American Woodworker

Free Product Guide >>

Syndication

 


 

 

 

Woodwork 

Winter 2013-2014

Preview this issue

 

Sloyd Models

RATE THIS:


Sloyd Models

 

Bengt Svensson attended the summer classes at Nääs in the late 1950s, worked for 40 years as a Sloyd teacher, and then became a professor at the Department for Aesthetic Art (Sloyd, Handicraft and Design) at Linköping University, Sweden. Fromhis home near Borås, fifty kilometers northeast of Nääs, he learned of an elementary school teacher Sven Alfred Kjellgren (1864-1937), who studied at Nääs Sloyd teacher training school for six weeks in 1898. His students made the objects of the 1902 model series, which took them just four lessons per week in grades 5-7. Svensson met some of Kjellgren's students, who had saved their Sloyd models for over 60 years, and by following connections between students and their families, he managed to collect and photograph the entire model series from1902 which he has made available either on CD or by internet download from his website: www.formitra. com. The collection also includes information about the intended educational value of the series. Educational Sloyd was firmly rooted in the educational philosophy of Freidrich Froebel, theGerman educator who invented Kindergarten. The addition of Sloyd to Schools was seen as a way to extend Froebel's theories beyond the earliest years of education.



Some of the Sloydmodels from the 1902 series used to instruct beginning students. The numbers in the corner of each indicates its place in the progression, from #10 (relatively easy) through #37 (much more challenging).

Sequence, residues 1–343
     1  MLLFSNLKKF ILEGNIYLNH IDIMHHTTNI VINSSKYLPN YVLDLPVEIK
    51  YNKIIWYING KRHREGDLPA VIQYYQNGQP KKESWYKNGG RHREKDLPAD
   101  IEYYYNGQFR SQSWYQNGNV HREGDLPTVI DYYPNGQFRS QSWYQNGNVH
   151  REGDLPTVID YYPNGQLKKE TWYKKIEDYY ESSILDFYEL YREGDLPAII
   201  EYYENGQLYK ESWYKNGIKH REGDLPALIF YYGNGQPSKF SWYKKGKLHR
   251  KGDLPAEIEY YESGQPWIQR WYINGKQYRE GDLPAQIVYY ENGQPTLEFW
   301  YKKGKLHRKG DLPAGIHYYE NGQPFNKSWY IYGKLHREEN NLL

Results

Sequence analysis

The key to an understanding of the use of sloyd models rests in Froebel's concept “self-activity.” Through the careful arrangement by skills used in the making of the models, a student would learn from one model nearly, but not quite everything required to complete the next, which was designed to add one more layer of skill and complexity, enabling the student to tackle the next. And so on. Through following the complete model series the student could not only develop a set of skills, but would also come to a full understanding of themselves as self-directed learners. Educational sloyd was criticized by some for being overly rigid and lacking opportunity for creative expression, and while some teachers, like Kjellgren, made exacting use of the models as presented at Nääs, Salomon urged his teachers to be creative, adapting the models to fit the circumstances in the communities in which they taught. The 1890 Model series was developed by Salomon's lead teacher, Alfred Johansson, in two elementary school versions, one for city and one for rural schools in order to keep the models relevant to the students, their families and communities. So while flexibility was encouraged in the use of models, Salomon asked that his teachers follow these rules: The models should have practical value and be finished by the students themselves. They should be made entirely of wood— some soft, others hard. As little material as possible should be used. The work should not require polish. They should require little or no turning or decorative carving.They should develop the sense of form and beauty. The construction of the models should require the use of all necessary tools, and the performance of the most important manipulations connected with woodwork. In notes written in 1890, Salomon introduced three model series associated with Naas:The Fundamental Series for Country Elementary Schools, the Town Elementary School Series for Boys, and the Higher Boys School Series. He notes,“The series for the higher girl's school has not as yet been completed.”

"This story first appeared in Woodwork magazine, Issue 80, October, 2005"

Back to Educational Sloyd Index